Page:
Letting the Kids Fly

04 Oct 2006
toddler on bike

The other day as I was walking through my apartment complex I noticed what appeared to be a child of 3 or 4 and his grandmother. The child was on one of those little toddler vehicles, pushing himself along with gusto. As the child got farther and farther away from his grandmother, I heard her start to make some noises as she hurried to catch up.

I knew what was coming on. The kid was about to get a volley of “be carefuls” and “stay near mes” and “that’s dangerouses.” This is what it’s like to grow up an only child in China.

But I was wrong.

As the child pushed happily along, the grandmother called after, “you’re flying, you’re flying!” The kid was delighted.

It felt great to be wrong.

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John Pasden

John is a Shanghai-based linguist and entrepreneur, founder of AllSet Learning.

Comments

  1. That’s great. I am as pleased that you were wrong.

  2. oh, well, not everyone was raised like that. Maybe I was just an exception. You were not totally wrong though.

    I just came up a point that maybe not all the “illness” are due to the system by which their citizens are being governed as most of the people nowadays talk so.Instead, thinking more about cultural differences might be more wise approach. AND sometimes it is.

    I Enjoyed the post!

  3. FYI:i am not saying you are.don’t get me wrong!

  4. feeling warm…you did it, John.

  5. That’s so…sweet!!

  6. parasitius (Justin) Says: October 4, 2006 at 11:08 pm

    Uh… On a similar issue, I wasn’t pleased to be wrong about this sort of thing. Was down in the FARRRRrr West-South corner of the map… a disgraceful place most Shanghainese hope the foreigners never see. (Where the streets are paved in garbage like the rest of …) Okay, anyway, to my point: there was a high-way, with cars flying by at speeds of 80-120… and two little kids were playing this game of “hurl the string-cord with a pink plastic bag on one side and blue plastic bag on the other (and s/t to add weight) into the middle of the highway and see if you can retrieve it without getting killed”. . . I watched about 5 minutes in disbelief and HORROR before realizing — hey, there are like 15+ adults age 40-70 in the IMMEDIATE vicinity who don’t seem to think anything of this. Well, best wishes to those kids and I continued walking.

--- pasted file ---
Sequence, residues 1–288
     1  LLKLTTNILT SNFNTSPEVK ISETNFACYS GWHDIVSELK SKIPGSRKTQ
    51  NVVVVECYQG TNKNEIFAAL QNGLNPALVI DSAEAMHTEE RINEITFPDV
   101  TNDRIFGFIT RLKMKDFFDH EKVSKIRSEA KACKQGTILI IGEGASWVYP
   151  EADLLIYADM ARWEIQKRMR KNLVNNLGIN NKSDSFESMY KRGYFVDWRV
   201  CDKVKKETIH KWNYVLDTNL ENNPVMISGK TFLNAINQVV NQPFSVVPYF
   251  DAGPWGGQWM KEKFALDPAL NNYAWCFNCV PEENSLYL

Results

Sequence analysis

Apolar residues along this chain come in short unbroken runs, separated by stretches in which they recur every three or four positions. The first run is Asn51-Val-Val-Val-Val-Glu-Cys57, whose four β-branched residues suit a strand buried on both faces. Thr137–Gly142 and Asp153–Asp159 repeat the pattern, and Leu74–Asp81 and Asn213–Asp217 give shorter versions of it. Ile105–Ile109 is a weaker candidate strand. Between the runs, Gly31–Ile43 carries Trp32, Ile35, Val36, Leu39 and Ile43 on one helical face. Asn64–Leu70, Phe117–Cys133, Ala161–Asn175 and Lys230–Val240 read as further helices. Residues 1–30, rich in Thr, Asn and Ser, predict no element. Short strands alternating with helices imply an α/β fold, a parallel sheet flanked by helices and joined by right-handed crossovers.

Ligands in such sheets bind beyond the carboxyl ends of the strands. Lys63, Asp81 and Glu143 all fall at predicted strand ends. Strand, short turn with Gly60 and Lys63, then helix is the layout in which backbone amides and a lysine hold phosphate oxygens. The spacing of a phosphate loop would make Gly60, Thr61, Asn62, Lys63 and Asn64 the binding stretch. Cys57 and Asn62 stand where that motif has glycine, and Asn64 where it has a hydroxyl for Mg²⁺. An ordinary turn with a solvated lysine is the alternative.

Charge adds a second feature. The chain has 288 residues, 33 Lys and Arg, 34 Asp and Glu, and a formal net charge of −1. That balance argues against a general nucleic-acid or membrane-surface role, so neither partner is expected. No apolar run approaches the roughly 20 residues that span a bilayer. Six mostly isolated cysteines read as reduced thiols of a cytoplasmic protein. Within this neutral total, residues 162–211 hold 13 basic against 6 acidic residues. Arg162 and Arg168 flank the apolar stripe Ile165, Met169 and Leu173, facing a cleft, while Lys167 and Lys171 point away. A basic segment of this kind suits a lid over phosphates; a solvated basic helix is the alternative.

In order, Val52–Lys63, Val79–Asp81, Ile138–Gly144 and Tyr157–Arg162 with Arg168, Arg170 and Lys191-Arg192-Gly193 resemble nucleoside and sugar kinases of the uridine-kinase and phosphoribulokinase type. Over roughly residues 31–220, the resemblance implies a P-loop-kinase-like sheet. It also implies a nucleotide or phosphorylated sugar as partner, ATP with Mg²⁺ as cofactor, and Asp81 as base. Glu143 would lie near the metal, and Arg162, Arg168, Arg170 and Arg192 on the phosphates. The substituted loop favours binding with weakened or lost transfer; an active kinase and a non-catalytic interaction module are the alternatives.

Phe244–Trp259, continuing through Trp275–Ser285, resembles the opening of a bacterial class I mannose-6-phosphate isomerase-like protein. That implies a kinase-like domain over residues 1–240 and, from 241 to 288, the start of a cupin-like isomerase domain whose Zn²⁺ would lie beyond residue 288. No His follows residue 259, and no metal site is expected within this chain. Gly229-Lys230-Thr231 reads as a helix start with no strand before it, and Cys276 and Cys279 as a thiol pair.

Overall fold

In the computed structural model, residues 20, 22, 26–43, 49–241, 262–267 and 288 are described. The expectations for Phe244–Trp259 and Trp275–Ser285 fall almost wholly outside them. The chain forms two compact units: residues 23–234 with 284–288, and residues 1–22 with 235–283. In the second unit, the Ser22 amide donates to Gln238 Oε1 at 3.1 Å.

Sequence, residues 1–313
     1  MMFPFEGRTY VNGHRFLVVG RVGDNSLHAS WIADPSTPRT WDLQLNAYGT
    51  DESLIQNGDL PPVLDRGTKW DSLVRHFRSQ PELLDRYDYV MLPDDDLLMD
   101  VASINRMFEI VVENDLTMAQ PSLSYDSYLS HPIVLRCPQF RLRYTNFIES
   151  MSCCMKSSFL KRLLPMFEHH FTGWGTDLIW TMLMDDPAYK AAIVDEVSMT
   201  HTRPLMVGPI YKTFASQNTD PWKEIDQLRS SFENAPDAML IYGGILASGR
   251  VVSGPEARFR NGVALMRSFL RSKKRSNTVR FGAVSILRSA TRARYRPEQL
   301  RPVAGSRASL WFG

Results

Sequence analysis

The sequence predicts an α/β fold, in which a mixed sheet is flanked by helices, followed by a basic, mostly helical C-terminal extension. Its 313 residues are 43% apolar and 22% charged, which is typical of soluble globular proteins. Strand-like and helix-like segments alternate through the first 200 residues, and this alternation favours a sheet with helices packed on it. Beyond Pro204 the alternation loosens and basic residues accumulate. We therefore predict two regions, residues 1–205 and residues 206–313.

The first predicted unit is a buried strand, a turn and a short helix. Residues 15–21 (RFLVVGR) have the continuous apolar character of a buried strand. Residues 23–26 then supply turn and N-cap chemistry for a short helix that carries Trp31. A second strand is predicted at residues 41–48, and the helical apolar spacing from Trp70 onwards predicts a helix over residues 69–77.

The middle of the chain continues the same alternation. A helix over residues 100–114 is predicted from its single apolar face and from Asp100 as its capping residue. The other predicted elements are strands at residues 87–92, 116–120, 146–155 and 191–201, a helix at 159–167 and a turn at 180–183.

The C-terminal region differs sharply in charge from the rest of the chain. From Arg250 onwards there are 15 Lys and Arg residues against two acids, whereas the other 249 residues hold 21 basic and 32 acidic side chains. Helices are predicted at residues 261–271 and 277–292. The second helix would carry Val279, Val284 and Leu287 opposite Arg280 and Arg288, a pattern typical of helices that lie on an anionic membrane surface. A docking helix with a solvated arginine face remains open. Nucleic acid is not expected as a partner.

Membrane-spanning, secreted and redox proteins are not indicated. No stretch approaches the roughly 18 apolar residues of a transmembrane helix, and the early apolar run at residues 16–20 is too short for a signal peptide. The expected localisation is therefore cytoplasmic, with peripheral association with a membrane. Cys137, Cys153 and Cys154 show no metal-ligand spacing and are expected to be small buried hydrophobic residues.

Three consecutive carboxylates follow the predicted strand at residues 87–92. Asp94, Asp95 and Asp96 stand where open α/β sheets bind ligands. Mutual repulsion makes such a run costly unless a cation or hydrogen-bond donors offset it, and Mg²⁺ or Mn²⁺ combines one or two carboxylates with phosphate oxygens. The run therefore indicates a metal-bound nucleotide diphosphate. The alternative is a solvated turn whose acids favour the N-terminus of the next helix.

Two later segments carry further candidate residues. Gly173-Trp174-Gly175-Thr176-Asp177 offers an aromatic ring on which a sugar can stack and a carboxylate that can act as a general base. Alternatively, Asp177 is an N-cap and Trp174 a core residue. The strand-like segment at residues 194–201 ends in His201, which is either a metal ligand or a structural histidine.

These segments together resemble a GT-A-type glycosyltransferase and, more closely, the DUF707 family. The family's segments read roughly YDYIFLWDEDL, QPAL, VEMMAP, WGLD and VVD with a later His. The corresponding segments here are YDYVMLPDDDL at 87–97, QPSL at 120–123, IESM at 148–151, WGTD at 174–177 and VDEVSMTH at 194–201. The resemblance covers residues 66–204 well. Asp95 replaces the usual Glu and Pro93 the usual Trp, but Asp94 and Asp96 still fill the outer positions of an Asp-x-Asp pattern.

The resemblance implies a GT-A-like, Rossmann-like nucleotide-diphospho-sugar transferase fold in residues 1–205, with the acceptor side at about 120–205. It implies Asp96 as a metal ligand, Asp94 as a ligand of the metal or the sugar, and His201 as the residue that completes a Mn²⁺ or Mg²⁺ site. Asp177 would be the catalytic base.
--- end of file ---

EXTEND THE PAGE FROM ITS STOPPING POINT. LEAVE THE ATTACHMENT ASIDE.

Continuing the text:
7. One thing the Chinese do have right is generally letting the kids be kids. American kids are both overprotected and encouraged to grow up too quickly.

  8. Atleast american kids do not have a 1 in 3 kids have psychological problems (I believe that research was done by Renmin University, about Beijing elementary students. Although I can see some overprotection of American kids, it’s not nearly to the extent in China. Growing up quickly is nice, you make money earlier, hence saving money earlier, hence retiring with a bigger wad of cash! hehe

  9. Atleast american kids do not have a “1 in 3 kids have psychological problems” statistic (I believe that research was done by Renmin University, about Beijing elementary students. Although I can see some overprotection of American kids, it’s not nearly to the extent in China. Growing up quickly is nice, you make money earlier, hence saving money earlier, hence retiring with a bigger wad of cash! hehe

  10. I know Chinese people always talk about being safe and careful, but how does that compare to seeing a mother holding a baby that was slowly slipping out of her hands as she rode her bike in heavy traffic? Or babies tied on the back of the bike with string, no seat?

    It’s like the joke about Chinese people driving in America. Supposedly a lot of them drive slower than average. Then you et to China and see how people drive there.

    Maybe I’m just not around enough little kids enough, but I saw a lot of 8 years old practicing gong fu on each other and using large sticks as swords in all out battles, with parents off to the side.